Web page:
Spinning Around St. Louis: Record Exchange


Upon walking into the double doors of Hampton Avenues’ Record Exchange, visitors will notice something new every time. The ten thousand square foot library turned record store is home to an assortment of at least a million records, cassettes, CDs and musical memorabilia. And owner Jean Haffner is at the center of it all.

Photo by Emme Goelz

Haffner has been a part of the record business for 47 years and counting. Previously owning 9 Record Exchange locations, Haffner is now the proud owner of the single location on Hampton Ave. 

“It’s a treat to do it. It’s a passion to do it … I don’t work, I am here all the time,” Haffner said.

Haffner has not always been in with the record business, nor was this what he planned to do in his life. 

Under instruction from his father, Haffner joined the navy, went to college, got his degree, then found the biggest company he could find to work a 9-5 for eight years. Like many, Haffner got tired of the same routine. He wanted more, which inspired his move to venture out on his own in the business world, he said.

After never owning anything used in his whole life, Haffner opened his first used record store in 1976. Haffner received the best compliment he’d ever gotten from his father 15 years into the record business. 

“He said he thought I might make it,” Haffner said. 

After 47 years, Haffner has, for sure, made it. 

Haffner discussed he is in the works of selling the current building to buy a bigger one. He said the store is outgrowing the current space and would love to expand into a larger space. 

He has a warehouse chock full of records in addition to his store. He said he does not want to own multiple locations because he can’t be in nine places at once.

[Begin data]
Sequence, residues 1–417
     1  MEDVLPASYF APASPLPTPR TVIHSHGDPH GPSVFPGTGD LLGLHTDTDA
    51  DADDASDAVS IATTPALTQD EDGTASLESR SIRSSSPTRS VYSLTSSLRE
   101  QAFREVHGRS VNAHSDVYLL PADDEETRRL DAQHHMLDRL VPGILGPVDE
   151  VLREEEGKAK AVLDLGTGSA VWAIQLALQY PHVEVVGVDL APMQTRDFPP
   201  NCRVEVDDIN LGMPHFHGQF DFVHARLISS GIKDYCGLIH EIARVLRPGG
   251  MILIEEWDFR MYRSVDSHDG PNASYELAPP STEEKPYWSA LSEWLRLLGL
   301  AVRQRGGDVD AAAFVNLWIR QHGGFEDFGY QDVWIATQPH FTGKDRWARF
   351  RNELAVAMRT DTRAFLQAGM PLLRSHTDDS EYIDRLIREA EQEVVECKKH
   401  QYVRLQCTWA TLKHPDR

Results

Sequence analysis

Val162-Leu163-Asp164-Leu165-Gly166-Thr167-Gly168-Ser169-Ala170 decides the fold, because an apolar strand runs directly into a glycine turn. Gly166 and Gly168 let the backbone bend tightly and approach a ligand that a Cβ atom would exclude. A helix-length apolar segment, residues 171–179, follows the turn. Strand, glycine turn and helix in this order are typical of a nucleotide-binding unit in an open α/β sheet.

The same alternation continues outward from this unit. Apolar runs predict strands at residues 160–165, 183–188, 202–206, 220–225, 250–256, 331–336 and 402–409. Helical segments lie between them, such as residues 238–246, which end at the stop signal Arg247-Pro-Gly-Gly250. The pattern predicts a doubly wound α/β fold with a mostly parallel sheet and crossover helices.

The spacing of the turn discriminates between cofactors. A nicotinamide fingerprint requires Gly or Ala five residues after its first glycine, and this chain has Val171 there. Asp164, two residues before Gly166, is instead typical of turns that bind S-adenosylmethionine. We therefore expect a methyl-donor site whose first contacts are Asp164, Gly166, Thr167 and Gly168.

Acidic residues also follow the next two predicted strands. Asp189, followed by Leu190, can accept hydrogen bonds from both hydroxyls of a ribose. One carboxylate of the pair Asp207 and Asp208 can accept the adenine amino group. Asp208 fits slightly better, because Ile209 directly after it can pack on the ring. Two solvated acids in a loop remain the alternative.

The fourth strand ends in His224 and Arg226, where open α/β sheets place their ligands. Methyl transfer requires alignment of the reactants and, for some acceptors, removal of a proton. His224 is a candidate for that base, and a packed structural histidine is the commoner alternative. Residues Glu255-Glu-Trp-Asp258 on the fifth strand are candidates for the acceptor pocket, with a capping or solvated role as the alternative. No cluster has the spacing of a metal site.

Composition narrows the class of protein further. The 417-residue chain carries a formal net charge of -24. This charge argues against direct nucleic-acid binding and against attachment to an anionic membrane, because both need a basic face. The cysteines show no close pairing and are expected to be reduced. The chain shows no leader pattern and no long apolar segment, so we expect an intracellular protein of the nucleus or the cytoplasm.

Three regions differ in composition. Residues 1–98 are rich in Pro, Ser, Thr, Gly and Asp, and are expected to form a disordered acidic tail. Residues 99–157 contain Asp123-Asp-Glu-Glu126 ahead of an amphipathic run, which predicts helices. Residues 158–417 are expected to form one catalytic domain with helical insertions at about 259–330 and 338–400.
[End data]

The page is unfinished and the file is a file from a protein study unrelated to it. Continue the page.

“I have got enough product to fill this space two to three times easy,” Haffner laughed.

While the store expands to its limit, Haffner said his personal collection of records is nonexistent. 

“I used to be a collector, but it got me in trouble … I had more records in my house than anything,” Haffner said. 

According to Haffner, he removed his collection to create a balance between his passion and his home life. 

“I became something even more dangerous. I am an accumulator now. I am not a collector but an accumulator. One step up,” Haffner explained. 

While records are not a part of his home, his family is a part of the store. Haffner’s wife of 36 years and his daughter, Jena Haffner, work in the store. 

“It just feels normal … you get to learn new stuff every single day, that’s one of my favorite parts of the job. Some jobs you’re just doing the same stuff every day so you’re not getting opportunities to learn, but here, it’s different every single day,” Jena said. 

Having been a part of the Hampton Record Exchange’s opening 29 years ago, Jena has grown up surrounded by the music business her entire life.

According to Jena, growing up in this space has been nothing but normal, and she never saw it as different or strange—though she always had more connection to her peers’ parents’ music tastes growing up than her peers. 

Her first records were Strawberry Alarm Clock’s 1967 release “Incense and Peppermints” and Nektar’s “Remember the Future” from 1973. 

Getting to work with his daughter is “great,” Haffner said. He shared that Jena has just as much knowledge as he does about the business and the music. 

“We bump heads every now and then, but we do good,” Haffner said. 

Haffner has spent almost every day of his life now for the past 29 years sitting behind the counter of Record Exchange on Hampton Ave. From open to close, 7 days a week, Haffner is at the store, but he doesn’t plan to retire anytime soon.

“I retired 42 years ago in order to do this … I will die here on this stool,” Haffner said.

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Emme Goelz
Staff Writer | + posts